“It all came out of that conversation we had as a family. We’re all family, and every song starts as a family dialogue … it’s a very funny experience to talk about that stuff with each other and to reflect that it’s been a long time since we talked about that. It’s been a long time since we wrote that. For us, it really just came out of that. That’s the roof of Echosmith, it’s family,” Sierota said, reflecting on the changes made to their original hit.

He continued that “the bridge really does kind of capture that ‘Cool Kids’ the original version is great and still means a lot to us … but our version is our way of saying ‘This is us now. This is how we’re feeling now. This is where we’re at now,’ which is a cool thing.”

Large life changes for the band members played a similarly significant role in the shaping of the new era for Echosmith during the COVID-19 pandemic. As they grew into adulthood so did their music and their audience.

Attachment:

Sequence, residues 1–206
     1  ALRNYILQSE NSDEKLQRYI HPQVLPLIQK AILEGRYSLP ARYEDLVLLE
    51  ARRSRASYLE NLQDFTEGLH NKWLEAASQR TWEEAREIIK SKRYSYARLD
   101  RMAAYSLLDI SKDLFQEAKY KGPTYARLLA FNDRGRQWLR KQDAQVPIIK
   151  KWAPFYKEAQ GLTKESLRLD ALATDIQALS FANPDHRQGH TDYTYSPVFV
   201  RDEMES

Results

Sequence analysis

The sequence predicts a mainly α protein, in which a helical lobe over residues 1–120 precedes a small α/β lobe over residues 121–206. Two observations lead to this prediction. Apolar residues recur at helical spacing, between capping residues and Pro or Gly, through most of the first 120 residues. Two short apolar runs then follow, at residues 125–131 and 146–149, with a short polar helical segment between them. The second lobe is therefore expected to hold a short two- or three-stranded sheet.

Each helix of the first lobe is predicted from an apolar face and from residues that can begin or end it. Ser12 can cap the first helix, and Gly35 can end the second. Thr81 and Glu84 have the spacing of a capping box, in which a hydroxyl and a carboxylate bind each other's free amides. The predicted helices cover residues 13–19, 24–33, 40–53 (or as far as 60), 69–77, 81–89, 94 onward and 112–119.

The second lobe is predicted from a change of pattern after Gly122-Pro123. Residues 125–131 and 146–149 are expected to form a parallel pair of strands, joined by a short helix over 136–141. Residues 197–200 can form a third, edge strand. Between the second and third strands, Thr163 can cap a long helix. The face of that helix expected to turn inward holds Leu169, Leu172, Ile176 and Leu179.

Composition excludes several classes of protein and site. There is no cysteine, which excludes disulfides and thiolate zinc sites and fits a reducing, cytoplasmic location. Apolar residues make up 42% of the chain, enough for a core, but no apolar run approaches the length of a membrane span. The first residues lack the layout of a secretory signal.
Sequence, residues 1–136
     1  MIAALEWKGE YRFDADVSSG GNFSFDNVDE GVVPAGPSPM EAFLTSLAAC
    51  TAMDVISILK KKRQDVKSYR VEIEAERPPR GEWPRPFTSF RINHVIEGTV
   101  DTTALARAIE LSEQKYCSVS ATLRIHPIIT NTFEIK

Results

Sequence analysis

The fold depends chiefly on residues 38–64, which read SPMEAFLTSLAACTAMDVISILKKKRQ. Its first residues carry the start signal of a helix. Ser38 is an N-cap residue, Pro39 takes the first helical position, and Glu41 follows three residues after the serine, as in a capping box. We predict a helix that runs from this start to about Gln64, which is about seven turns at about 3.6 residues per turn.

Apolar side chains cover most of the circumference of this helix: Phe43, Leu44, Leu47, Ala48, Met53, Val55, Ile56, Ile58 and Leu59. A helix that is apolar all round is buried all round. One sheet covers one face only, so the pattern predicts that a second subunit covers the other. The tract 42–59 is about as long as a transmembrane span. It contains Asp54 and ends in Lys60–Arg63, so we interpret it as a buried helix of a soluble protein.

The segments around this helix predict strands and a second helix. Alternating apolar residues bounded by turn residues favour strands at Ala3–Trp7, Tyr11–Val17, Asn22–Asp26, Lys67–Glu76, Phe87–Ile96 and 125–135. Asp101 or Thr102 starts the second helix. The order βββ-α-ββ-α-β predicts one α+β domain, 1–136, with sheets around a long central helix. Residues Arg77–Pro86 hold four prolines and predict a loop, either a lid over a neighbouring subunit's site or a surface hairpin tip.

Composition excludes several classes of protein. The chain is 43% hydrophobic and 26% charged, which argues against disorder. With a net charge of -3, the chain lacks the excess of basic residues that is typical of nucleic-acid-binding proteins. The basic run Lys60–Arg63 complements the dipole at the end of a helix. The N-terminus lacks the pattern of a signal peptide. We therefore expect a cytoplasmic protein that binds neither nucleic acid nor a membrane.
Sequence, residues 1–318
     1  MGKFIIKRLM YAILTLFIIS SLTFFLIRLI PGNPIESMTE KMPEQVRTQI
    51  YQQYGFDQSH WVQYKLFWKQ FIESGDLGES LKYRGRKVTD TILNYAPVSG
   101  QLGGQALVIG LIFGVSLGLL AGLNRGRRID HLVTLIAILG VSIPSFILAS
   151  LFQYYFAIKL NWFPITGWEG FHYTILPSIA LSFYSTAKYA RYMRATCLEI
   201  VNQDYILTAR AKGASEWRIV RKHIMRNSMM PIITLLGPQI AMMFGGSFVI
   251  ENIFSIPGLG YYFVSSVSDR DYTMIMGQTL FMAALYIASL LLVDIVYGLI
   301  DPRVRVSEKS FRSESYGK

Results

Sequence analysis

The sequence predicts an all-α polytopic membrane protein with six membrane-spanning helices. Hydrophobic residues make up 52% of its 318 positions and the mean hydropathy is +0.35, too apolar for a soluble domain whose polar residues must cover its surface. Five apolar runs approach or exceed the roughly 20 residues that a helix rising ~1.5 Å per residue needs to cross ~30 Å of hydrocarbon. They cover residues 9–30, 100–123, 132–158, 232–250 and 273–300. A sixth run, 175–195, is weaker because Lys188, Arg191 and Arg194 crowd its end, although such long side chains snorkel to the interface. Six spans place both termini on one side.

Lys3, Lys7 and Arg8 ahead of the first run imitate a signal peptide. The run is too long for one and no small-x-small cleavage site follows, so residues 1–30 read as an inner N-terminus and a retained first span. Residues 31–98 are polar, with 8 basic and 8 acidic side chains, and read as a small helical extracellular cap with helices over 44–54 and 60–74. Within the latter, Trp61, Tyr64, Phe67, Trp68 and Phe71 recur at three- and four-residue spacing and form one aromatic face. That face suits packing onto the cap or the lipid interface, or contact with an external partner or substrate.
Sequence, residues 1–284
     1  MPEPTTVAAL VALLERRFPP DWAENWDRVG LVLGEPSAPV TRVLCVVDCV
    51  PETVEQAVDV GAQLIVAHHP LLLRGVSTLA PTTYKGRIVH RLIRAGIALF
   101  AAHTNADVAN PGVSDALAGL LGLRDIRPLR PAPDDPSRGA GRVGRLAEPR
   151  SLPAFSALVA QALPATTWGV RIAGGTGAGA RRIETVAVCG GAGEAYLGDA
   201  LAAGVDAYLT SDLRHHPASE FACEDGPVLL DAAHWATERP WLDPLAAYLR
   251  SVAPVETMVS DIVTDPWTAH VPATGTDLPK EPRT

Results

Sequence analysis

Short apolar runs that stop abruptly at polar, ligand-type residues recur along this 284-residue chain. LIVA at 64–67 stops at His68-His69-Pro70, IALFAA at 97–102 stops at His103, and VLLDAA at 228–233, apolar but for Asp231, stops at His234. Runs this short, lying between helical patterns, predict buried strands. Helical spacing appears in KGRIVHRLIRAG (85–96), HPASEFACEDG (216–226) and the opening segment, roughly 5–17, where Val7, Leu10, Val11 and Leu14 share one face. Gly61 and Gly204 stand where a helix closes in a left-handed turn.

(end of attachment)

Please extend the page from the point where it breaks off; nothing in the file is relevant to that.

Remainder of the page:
“Now we’re in our twenties and figuring out adult decisions and all that … and we’re getting to write about that and most people listening to our music are also walking through that part of life (or at least can remember it or are looking ahead to it),” Sierota said.  “That I feel like is pretty special. We definitely feel like we’re kind of peers to … our fans which is such a gift.” 

At the center of the music they make, Echosmith has a mission to create a place where their listeners feel like they can belong. 

The band “want[s] to write music that means something to people and is a way of making the listener feel like ‘Hey, I’m not alone, this other person feels this way’ and maybe our fanbase can be a community of people that are all honest with themselves and each other and able to reflect on those really human experiences together,” Sierota said. 

Echosmith is looking forward to getting back on the road with their current tour.

“I love getting to meet people and getting to commune with music and just life,” Sierota said. “We’re beyond thankful to be putting music out.”